The Problems of t he New State The attainment of independence brought an end to one phase of the struggle and marked the beginning of a new one for setting up and running a viable, stable and prosperous state. Pakistan began its independent life under very difficult and unfavorable circumstances. Pakistan faced serious problems in the initial stages. 1. New Administration 2. Division of Assets 3. Integration of Princely States 4. Communal Riots andArrival of Refugees 5. Canal water andtradeissues 1: New Administration

The shortage of trained human power especially senior officers was a serious problem in the setting up of federal government in Karachi. Most of them had migrated to India. There was a shortage of office space, equipment and furniture. This disturbed the direct connections between the federal government and provincial governments. On the other hand, the provincial governments were overburdened that needed very accurate connection between the centre and the provinces to solve the problems of the Muslim refugees who had nothing to eat, drink, wear, rest, etc. To counter the critical situation, the official system should have been efficient but due to the lack of all these facilities the administrative authorities were painfully facing difficulties. 2: Division of Assets The Indiangovernment was not cooperative for transfer of record and equipment to Pakistan. The civil administration was not handing over the promised financial, military, and other shares that created mountainous hurdles to eradicate the pains and miseries of the refugees. Financial Assets The full financial share of Pakistan was not transferred. Initially rupees 200 million were transferred that were not sufficient to meet the expenditures of the newly born state. The Indian government was so reactionary that it tried its level best to block these funds to suffocate the newly born Muslim state as they expected foolishly that Pakistan would collapse and rejoin India soon after its existence. They did not release the remaining funds until Gandhis threat of marn bert (fast until death). Under this pressure, more funds were sent in early 1948 but no installment was later paid. Militarys Division As far as the problem in dividing man power there was no serious setback because the division was not in the hand of third person and Muslims were free to come to their dreamland, Pakistan. Anyhow, their shifting was slow and insecure. There were obstacles in the Pakistans share of weapons, equipment, and stores. The broken and damaged stuff was sent by India. Pakistan did not get any ordinance factory. Reorganization of the Armed Forces was another tough job and the there was no army officer up to the rank of colonel. The shortage of experienced officers convinced British officers to continue their services. This also accelerated undue promotion in the military services to fill the gap. 3: Integration of Princely States There were over 560 princely states in India on the verge of the partition of India. About 500 states had joined India before August 15 because of the motivation by V. P. Menon and Mountbatten. The princes were inclined to honour every gesture of the British representative so they conceded what the member of the Royal family (Mountbatten) wished. The HinduBritish conspiracy blocked states to join Pakistan. Junagadh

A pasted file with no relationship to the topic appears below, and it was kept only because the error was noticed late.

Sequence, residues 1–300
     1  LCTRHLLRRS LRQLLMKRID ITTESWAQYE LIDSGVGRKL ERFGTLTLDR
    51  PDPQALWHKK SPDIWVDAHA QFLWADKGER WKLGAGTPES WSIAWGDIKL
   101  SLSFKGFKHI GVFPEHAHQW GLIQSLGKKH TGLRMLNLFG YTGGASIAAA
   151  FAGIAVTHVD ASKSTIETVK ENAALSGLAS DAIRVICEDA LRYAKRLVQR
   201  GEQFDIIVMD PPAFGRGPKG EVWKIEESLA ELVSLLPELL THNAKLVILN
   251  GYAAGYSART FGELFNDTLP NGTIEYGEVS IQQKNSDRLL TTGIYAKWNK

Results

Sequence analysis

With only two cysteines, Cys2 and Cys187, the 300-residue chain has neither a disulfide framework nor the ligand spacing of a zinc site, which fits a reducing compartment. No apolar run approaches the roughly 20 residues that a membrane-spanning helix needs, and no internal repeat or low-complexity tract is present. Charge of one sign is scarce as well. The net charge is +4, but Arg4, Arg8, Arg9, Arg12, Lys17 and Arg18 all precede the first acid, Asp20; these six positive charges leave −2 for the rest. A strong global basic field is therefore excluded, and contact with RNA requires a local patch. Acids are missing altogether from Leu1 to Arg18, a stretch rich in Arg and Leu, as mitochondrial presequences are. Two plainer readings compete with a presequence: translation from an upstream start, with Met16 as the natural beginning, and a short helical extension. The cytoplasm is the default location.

It was a small state with access to sea having about 7 lakh population and 3377 mile area. The ruler was Muslim while the majority of its population was Hindu. The ruler decided to accede to Pakistan and Pakistan also accepted the accession. In November 1947, the Indian troops entered the state and took its control. The referendum favoured India. Hyderabad It was geographically big and financially a rich state. Its ruler was Muslim and majority population was Hindu. It was surrounded by India from all sides. The Nizam wanted to stay independent. Mountbatten discouraged him and signed StandstillAgreement. But India built pressure on the Nizam by sending its troops in September 1948 claiming that serious law and order situation had developed. The state was integrated in India. Kashmir The most important state was Kashmir naturally connected with Pakistan. Its ruler was Hindu while population was Muslim. The population inclined towards Pakistan but the Hindu ruler declared to join India. The Kashmiri people revolt against the ruler in Poonch area and soon it became widespread. The ruler sought Indian support. India demanded accession. On October 27, 1947 Indian troops landed in Srinagar. The people continued their struggle for independence and India promised to finally settle the matter with reference to the people under the UN Resolutions. 4: Communal Riots and Refugees The Communal riots occurred earlier in August 1946. The killing of Muslims in Indian areas forced them to leave India. The Sikhs and Hindus attacked the refugee caravans and trains. There were organized gangs to kill the Muslims. The refugee problem created critical condition in the border areas. The massive migration proved serious economic and humanitarian problems for the new state. The military was asked to help cope with the refugee problem. 5: Canal Water Problem The major rivers flow from Kashmir and some canal heads located in India. In 1948, India cut off water to some canal that was a serious threat to agriculture in West Pakistan. The Indian plans to build water storage on the rivers that are vital for Pakistans economy worsened the situation. It also showed the traditional anti-Muslim attitude. The World Bank settled the problem in September 1960 (Indus Water Treaty). 6: Trade Problem andthe Economy India devalued its currency in 1949 but Pakistan refused to do so. It stopped trade that adversely affected Pakistans economy as it depended on trade from India. Pakistan had inherited a weak economy and poor industrial base. The beginning years of Pakistan were troubled and difficult due to the Indias non-helpful policy and the war in Kashmir. It had profound impact on Pakistans worldview and its relations with India. Pakistan strived for its survival and security. Many Indians and the British predicted the collapse of Pakistan. They were of the opinion that very soon the Muslims would realize their blunder. They would be